PICK OF THE LITTER. US, 2018. Directed by Don Hardy Jr, Dana Nachman. 81 minutes. Rated G.
Yes, they have used the pun for promotion, Dogumentary!
This documentary lives up to its title which explains fairly exactly what it is about. Screenings of the film around Australia have been sponsored by organisations for Guide Dogs for the Blind.
This is a film which most dog-lovers probably could not resist. Those who are not dog-lovers will appreciate how significant it is for the selected dogs to be nurtured and trained so that they will be able to enhance the lives of those who cannot see or who cannot see well. The dogs will enable them to rely less on canes and more on the instincts and behaviour of the dogs and to save them from accidents and danger.
The structure of the film is very straightforward. It focuses on five puppies, their being born, helped by the experts in their initial moments, nurtured by their mother, ready to go into a program that will lead some of them (not all of them – and that provides a bit of dramatic tension throughout the film as to which of the five will succeed in being guide dogs or will have on their profile the rather whitewashing term “career-changed”) to guiding the blind.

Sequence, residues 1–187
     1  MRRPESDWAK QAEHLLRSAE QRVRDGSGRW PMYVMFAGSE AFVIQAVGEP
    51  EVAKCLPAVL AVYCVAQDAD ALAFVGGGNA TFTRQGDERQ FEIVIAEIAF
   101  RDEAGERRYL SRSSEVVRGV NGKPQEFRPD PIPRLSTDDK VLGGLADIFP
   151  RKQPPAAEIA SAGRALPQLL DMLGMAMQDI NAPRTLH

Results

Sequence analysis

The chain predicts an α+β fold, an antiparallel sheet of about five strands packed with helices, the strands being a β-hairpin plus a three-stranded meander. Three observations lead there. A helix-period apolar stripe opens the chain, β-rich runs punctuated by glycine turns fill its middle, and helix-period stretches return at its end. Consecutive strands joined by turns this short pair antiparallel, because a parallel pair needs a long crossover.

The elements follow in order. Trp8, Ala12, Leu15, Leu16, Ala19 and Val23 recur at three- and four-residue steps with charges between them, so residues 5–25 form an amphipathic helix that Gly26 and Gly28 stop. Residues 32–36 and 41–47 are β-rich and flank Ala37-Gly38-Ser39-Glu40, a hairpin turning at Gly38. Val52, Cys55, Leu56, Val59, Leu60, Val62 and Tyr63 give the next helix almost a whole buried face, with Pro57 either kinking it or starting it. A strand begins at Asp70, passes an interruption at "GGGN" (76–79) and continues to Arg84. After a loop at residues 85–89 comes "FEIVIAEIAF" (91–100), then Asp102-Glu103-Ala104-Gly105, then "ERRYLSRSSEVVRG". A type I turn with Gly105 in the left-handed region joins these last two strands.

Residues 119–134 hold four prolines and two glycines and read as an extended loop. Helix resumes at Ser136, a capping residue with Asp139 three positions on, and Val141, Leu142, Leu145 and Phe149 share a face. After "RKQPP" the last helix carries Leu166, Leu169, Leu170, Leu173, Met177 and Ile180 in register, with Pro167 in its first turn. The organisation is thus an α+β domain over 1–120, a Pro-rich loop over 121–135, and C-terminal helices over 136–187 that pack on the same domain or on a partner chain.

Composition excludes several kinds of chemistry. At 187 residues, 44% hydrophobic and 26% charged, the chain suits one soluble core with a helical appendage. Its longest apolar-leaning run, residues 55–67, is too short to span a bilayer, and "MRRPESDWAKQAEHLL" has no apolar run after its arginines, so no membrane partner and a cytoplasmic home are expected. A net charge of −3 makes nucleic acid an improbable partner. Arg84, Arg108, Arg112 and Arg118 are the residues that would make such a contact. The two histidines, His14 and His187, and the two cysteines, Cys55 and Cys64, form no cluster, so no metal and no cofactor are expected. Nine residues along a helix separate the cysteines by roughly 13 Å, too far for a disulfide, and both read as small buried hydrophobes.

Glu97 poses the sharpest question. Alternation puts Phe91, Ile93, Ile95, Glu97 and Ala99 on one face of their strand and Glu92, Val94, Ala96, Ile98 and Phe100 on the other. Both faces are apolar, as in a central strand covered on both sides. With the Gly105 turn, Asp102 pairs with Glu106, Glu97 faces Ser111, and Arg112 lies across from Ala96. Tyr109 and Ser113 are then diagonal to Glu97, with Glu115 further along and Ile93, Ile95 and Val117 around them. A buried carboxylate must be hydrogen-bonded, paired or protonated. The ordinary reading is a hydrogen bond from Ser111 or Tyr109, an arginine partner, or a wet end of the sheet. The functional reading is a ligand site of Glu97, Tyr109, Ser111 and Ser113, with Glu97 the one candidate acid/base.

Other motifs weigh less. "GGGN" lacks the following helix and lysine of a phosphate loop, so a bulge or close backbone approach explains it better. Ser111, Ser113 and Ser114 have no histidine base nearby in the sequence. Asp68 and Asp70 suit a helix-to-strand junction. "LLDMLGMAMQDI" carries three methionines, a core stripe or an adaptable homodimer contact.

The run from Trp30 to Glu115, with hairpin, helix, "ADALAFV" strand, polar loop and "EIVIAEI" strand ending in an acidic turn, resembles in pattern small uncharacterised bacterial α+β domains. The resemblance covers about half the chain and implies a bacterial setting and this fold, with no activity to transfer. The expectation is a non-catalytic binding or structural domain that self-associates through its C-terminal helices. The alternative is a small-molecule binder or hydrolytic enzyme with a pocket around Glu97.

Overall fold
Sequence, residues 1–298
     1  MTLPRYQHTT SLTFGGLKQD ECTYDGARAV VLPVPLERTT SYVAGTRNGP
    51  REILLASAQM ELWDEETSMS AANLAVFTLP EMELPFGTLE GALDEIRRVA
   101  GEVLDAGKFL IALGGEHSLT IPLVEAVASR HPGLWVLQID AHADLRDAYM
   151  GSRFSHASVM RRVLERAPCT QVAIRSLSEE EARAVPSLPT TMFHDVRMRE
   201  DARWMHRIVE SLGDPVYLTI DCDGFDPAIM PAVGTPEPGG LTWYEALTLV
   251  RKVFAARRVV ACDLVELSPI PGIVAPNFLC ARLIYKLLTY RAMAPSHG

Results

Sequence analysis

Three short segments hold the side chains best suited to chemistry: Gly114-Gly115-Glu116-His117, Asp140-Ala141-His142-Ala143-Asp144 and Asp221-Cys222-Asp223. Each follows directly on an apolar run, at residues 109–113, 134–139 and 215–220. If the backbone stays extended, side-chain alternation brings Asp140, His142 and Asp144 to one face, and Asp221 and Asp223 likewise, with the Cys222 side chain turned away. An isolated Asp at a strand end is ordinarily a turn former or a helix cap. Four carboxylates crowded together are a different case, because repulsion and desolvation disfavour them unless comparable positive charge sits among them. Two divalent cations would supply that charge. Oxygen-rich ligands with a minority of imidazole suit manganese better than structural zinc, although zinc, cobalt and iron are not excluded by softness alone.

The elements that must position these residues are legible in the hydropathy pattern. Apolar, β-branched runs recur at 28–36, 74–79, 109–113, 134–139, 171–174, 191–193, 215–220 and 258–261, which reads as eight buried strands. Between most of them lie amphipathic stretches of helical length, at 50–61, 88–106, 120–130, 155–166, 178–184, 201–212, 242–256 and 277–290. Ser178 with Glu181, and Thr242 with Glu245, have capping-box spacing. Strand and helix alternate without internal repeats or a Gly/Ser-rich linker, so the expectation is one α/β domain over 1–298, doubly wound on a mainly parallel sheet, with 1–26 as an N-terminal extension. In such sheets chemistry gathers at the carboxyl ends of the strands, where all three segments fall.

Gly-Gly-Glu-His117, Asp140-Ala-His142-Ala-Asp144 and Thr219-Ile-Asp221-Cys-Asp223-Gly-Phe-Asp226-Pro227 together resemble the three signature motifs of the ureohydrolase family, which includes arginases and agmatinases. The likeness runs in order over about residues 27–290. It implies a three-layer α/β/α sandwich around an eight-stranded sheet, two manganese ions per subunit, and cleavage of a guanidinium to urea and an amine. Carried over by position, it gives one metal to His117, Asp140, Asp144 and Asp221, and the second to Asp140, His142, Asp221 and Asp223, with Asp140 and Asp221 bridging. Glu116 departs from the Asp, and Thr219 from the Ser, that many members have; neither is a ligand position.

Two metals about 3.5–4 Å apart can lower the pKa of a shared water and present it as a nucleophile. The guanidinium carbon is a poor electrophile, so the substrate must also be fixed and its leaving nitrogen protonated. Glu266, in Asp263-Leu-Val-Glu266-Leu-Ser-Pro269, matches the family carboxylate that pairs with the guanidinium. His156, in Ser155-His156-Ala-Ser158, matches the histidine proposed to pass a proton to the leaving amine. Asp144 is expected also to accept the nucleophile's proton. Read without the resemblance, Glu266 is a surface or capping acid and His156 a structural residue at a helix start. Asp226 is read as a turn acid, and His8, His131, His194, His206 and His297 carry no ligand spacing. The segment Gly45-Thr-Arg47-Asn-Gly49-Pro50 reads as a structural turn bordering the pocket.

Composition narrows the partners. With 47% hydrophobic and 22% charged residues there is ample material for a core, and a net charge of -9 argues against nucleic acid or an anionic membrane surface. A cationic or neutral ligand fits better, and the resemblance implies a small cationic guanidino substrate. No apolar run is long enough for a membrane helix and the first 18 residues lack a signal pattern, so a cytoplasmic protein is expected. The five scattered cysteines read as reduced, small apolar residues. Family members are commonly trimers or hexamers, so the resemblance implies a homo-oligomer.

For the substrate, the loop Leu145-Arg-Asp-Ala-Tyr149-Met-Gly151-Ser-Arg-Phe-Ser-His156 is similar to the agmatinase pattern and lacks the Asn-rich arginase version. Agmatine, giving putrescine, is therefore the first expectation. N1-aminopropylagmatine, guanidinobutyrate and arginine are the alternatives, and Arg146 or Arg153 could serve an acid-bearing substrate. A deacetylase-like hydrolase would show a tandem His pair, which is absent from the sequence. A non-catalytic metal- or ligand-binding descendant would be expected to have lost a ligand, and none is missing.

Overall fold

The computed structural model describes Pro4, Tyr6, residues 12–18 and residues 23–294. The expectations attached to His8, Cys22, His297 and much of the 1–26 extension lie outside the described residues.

So, the dogs are named, three males, two females. Much is made of the energy in two of the males, Phil and Patriot. As a device to focus the attention of the audience, following the two dogs, maybe liking one better than the other, hoping for one to succeed over the other (or, perhaps even-handedly, hoping that both will succeed). And there are two female dogs also in training.
We meet quite a number of adults along the way, the initial trainers who inculcate the basics for the dogs, accompanying them with great attention and care. One or other of the dogs proves to be too playful, not having that innate sense of responsibility that will lead them to be a guide.
And then the dogs are moved into more careful training, the types of experience that will help them with their carers, alert them to oncoming vehicles, enable them to turn right or left at the correct time and place…
In the meantime, the film also focuses on some of the adults who have been waiting for a guide dog for some time and will be eligible once the pick or picks of the litter are trained.
There is of course some tension, in the final tests, not every dog measuring up – and one or other of the dogs having to walk the exam again.
Needless to say, there are some delights for the audience having the opportunity to watch the incapacitated adults to meet their dogs, scenes showing how they get used to the dogs, walking with them, and the exhilaration of the blind to find opportunities for having a freer, more open life.
Madman films Released January 10th
Certainly a case of worthy documentary-making.
Peter Malone MSC is an Associate of the Australian Catholic Office for Film and Broadcasting.